About those little girls signing bombs . . .
Would you believe they thought they were auditioning for American Idol?
I didn't think so. Yet, it seems that's just what some people want us to believe.
Apparently, reports like mine about images of little Israeli girls signing shells have made their way across the internet with great success. So much so that Zionists are tripping over themselves trying to 'explain' their otherwise apparent and grisly perversions.
One piece in the Columbia Journalism Review (of all places) describes them as "sweet-faced little Israeli girls drawing with markers [with] their hair in pigtails" -- Awww! How cute! -- but then admits they were signing shells that subsequently killed hundreds of innocent civilians in southern Lebanon.
The author then forgives the photographer who he says "would [have been] out of his mind not to capture this shot" - a unique view of Israelis for a world used to "pictures of young Palestinian children wearing fake suicide bomb belts." The fact that the belts are fake, while the shells are live, seems to have evaded his analytical radar.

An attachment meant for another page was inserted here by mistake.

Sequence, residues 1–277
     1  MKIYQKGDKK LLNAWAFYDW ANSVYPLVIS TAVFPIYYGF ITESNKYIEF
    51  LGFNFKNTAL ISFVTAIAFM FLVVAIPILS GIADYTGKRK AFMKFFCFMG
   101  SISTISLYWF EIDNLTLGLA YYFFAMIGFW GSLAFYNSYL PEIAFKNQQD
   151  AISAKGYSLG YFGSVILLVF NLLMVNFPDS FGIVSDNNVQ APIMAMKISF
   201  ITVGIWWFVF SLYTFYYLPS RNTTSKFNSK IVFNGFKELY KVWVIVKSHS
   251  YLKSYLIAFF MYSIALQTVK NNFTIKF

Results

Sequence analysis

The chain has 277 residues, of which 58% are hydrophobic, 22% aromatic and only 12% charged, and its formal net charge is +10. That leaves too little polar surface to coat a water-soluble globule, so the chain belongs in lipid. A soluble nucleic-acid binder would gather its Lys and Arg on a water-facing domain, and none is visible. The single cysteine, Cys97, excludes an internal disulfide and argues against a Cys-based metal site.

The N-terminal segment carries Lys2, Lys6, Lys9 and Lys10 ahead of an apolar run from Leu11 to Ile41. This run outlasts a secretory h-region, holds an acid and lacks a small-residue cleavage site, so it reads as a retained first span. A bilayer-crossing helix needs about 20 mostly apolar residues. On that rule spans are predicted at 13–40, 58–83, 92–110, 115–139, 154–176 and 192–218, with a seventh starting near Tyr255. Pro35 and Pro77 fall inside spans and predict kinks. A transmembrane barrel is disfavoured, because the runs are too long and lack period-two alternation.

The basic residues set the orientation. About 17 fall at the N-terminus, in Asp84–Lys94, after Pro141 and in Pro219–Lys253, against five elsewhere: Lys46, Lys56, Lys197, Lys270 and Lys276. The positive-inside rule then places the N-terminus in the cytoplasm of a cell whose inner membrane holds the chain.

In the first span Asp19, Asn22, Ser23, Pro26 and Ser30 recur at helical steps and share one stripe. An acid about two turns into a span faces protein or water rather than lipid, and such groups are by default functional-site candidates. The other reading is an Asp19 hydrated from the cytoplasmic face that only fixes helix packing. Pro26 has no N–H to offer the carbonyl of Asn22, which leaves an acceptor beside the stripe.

"Images of war," he insists, present "a problem of representation."
"They are usually emotionally charged, bloody, wrenching, and almost always presented with no real context. What are we looking at? The man screaming in grief or pain. The dead child amidst the rubble. The father throwing his body over the lifeless corpse of his son. What we receive in these moments is more than just news; it's a jolt of emotion, be it anger, despair, or frustration."